Naiane do Nascimento Goncaves, Rodrigo Ventura Rodrigues, Bruna Victorasso Jardim Perassi, Marina Gobbe Moschetta, Juliana Ramos Lopes, Jucimara Colombo and Debora Aparecida Pires de Campos Zuccari
Laboratorio de Investigacao Molecular no Cancer (LIMC), Faculdade de Medicina de Sao Jose do Rio Preto/FAMERP. Avenida Brigadeiro Faria Lima, 5416, Vila Sao Pedro, 15090-000 Sao Jose do Rio Preto, SP, Brazil.
Background: Oral cancer is the most common type of head and neck cancer and its high rate of mortality and morbidity is closely related to the processes of angiogenesis and tumor metastasis. The overexpression of the pro-angiogenic genes, HIF-1α and VEGF, and pro-metastatic gene, ROCK-1, are associated with unfavorable prognosis in oral carcinoma. Melatonin has oncostatic, antiangiogenic and antimetastatic properties in several types of neoplasms, although its relationship with oral cancer has been little explored. This study aims to analyze the expression of the genes HIF-1α, VEGF and ROCK-1 in cell lines of squamous cell carcinoma of the tongue, after treatment with melatonin.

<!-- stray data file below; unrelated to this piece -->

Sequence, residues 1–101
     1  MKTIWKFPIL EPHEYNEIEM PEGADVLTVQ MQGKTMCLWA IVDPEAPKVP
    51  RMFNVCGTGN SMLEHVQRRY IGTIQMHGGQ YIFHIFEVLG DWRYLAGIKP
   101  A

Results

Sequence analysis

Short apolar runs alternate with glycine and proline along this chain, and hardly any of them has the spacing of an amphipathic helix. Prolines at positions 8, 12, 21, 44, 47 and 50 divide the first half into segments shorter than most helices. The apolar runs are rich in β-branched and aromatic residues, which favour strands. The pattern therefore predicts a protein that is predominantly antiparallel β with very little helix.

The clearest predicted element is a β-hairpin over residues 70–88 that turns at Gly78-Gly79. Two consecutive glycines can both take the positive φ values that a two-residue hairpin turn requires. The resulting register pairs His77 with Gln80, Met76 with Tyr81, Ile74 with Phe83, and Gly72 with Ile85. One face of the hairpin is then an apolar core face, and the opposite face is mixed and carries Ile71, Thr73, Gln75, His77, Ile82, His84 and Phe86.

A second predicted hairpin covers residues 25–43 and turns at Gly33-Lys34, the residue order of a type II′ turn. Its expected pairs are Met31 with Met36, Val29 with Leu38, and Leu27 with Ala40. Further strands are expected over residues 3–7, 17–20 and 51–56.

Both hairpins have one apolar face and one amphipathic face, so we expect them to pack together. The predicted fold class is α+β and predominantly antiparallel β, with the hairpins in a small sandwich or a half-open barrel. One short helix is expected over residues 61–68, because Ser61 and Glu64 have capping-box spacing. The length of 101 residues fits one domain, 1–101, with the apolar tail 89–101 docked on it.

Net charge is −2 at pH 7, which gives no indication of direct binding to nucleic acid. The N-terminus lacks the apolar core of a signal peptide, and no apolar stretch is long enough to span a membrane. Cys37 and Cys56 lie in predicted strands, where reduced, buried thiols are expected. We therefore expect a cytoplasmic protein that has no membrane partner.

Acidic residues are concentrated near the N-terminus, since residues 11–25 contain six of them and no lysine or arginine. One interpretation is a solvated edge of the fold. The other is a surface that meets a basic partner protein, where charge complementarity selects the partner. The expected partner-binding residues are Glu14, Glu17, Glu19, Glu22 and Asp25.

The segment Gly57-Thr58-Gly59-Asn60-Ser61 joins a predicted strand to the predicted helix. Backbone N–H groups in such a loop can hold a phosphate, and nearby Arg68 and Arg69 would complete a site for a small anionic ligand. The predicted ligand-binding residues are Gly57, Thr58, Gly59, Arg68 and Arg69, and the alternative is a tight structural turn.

Methods: SCC9 and SCC25 cells were cultured and cell viability was assessed by MTT assay, after treatment with 100 µM of CoCl2 to induce hypoxia and with melatonin at different concentrations. The analysis of quantitative RT-PCR and the immunocytochemical analysis were performed to verify the action of melatonin under conditions of normoxia and hypoxia, on gene and protein expression of HIF-1α, VEGF and ROCK-1.
Results: The MTT assay showed a decrease in cell viability in both cell lines, after the treatment with melatonin. The analysis of quantitative RT-PCR indicated an inhibition of the expression of the pro-angiogenic genes HIF-1α (P < 0.001) and VEGF (P < 0.001) under hypoxic conditions, and of the pro-metastatic gene ROCK-1 (P < 0.0001) in the cell line SCC9, after treatment with 1 mM of melatonin. In the immunocytochemical analysis, there was a positive correlation with gene expression data, validating the quantitative RT-PCR results for cell line SCC9. Treatment with melatonin did not demonstrate inhibition of the expression of genes HIF-1α, VEGF and ROCK-1 in line SCC25, which has different molecular characteristics and greater degree of malignancy when compared to the line SCC9.
Conclusion: Melatonin affects cell viability in the SCC9 and SCC25 lines and inhibits the expression of the genes HIF-1α, VEGF and ROCK-1 in SCC9 line. Additional studies may confirm the potential therapeutic effect of melatonin in some subtypes of oral carcinoma.